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Off the start line we had a short neutral zone leaving the Ramabanta Trade Post Lodge. Before long we met a tar road which signaled the end of keeping things civil and the start of the mean climb up Nkesi Pass. While tarred the gradient was on the edge of discomfort and the front runners quickly whipped up the pace.

Heading swiftly down the other side of the pass we turned off-road onto some bumpy gravel-ish roads. Keeping with our nearer competitors we set off to a comfortable pace. The gravel roads gave way to some fun windy hard packed dirt. Finding lines down the steep rocky sections was a bit hit and miss at times, but we quickly learned to spot the path of least resistance and roll with it.

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Photo: Cherie Vale / Lesotho Sky

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Photo: Cherie Vale / Lesotho Sky

Things were going well. After a quick trip through a river and a precarious portage up a rocky hillside we continued up. The path up took us over some solid rock with a few easy step ups. Or not. Wham! Awkwardly I land almost face first on the rock ahead, my bike clanking down beside me.

Up on my feet it's status check time. Me: slight graze on my knee, all good to go. Bike: a few scrapes, but looks in order. After a pedal stroke something is off, chain maybe? Nope, a thoroughly twisted derailleur cage. Disaster.

While we struggle to delicately straighten it, all but the last two teams in the race pass by offering assistance. Twenty odd minutes later the jockey wheels are functioning again and my newly reduced 2x3 gearing is good to go.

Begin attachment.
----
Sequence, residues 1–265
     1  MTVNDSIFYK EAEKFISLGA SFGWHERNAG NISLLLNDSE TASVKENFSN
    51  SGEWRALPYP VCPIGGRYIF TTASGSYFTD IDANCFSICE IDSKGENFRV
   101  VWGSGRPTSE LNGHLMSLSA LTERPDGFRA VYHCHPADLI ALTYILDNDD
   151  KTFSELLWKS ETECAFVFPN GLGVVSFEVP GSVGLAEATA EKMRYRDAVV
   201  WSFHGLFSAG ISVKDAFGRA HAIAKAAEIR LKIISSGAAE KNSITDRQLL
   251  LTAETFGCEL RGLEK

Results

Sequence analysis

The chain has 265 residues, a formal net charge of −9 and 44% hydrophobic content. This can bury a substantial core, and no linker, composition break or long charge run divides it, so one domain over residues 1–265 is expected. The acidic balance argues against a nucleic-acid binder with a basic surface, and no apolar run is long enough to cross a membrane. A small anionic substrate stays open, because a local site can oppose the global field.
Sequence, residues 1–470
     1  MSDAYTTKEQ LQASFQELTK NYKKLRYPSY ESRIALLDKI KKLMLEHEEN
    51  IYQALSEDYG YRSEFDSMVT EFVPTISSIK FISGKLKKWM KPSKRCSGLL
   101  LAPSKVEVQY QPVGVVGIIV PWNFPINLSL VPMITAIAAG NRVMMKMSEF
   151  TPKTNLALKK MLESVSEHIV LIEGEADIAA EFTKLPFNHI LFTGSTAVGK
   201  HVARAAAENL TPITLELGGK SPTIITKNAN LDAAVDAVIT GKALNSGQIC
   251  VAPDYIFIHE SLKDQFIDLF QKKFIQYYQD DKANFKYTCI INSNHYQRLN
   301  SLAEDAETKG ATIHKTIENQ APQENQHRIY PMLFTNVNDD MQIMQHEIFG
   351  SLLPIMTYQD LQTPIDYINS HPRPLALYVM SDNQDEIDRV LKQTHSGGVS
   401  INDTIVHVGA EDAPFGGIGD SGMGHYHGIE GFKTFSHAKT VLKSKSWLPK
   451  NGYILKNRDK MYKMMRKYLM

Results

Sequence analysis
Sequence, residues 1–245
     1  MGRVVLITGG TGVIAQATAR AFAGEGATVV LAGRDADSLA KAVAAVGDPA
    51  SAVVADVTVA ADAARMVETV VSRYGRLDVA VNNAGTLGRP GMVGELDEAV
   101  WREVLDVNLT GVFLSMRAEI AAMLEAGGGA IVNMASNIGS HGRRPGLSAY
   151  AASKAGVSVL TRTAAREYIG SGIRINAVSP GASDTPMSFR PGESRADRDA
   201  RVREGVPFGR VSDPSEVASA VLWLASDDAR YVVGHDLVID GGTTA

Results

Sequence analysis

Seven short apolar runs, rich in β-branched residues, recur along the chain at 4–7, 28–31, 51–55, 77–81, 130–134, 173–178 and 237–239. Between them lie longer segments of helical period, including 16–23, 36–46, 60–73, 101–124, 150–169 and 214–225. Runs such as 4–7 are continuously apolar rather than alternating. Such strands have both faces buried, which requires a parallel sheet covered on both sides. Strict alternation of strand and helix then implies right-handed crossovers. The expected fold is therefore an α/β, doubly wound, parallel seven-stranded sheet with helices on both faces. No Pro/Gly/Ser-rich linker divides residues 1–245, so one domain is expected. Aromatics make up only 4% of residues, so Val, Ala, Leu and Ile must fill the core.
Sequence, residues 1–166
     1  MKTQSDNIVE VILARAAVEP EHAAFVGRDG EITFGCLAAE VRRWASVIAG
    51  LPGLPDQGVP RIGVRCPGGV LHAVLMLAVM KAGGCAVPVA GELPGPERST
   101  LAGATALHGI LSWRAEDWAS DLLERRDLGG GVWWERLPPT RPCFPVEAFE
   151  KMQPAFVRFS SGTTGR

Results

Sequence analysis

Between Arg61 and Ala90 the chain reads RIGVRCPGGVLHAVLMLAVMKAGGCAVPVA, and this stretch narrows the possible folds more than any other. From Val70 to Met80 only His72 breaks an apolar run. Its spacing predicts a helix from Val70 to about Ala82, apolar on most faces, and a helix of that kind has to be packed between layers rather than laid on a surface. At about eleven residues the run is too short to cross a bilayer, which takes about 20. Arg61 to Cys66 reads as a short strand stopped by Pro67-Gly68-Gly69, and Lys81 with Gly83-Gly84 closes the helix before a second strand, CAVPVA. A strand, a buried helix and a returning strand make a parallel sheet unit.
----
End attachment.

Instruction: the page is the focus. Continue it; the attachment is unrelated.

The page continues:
Finally setting off again we head onwards and up some steep loose climbs, eventually catching up to another team. We're not completely alone! The day seemed to be all about ups and downs - literally. If we weren't tackling a technical climb we were headed down a most often tricky descent scattered with loose rocks.

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Photo: Cherie Vale / Lesotho Sky

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Photo: Cherie Vale / Lesotho Sky

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Photo: Cherie Vale / Lesotho Sky

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Photo: Cherie Vale / Lesotho Sky

Midway through the day we did have some respite with some gently undulating hard packed trails. Taking the breather to briefly look around and absorb the incredible scenery one thing comes to mind: The sheer beauty and remoteness aside it is clear that one or more of the many sizable hills in the distance is our route home.

Sure enough we were soon heading up, and then down, and up again. And repeat. Having limited gears I had little option, but to power up most of the climbs. After the barrage of hill repeats and occasional postage the legs and knees began to feel the additional effort.

Nearing the tar road we had come down just a few hours earlier we knew the finish and an ice cold Maluti Lager were not far. Over the top of the hill and speedily down towards the tradepost. To give an idea of just how steep the tar climb we’d started the day with was - guys were clocking 95-105 km/h coming down with little more than an aero tuck.

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Photo: Cherie Vale / Lesotho Sky

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Photo: Cherie Vale / Lesotho Sky

With the finish within reach the route had one last sting in it’s tail thanks to a chap called Bruce. More climbing, more rocks and some more really tricky descents just to make sure we were still awake.

Over the line at least an hour slower than anticipated it was a tough day out, but an incredibly rewarding one.

Tomorrow we head into even more remote areas on a route that’s said to be quicker (mile for mile) than today. One thing is for sure: the Lesotho Sky will no doubt continue to test, impress and reward us in equal parts.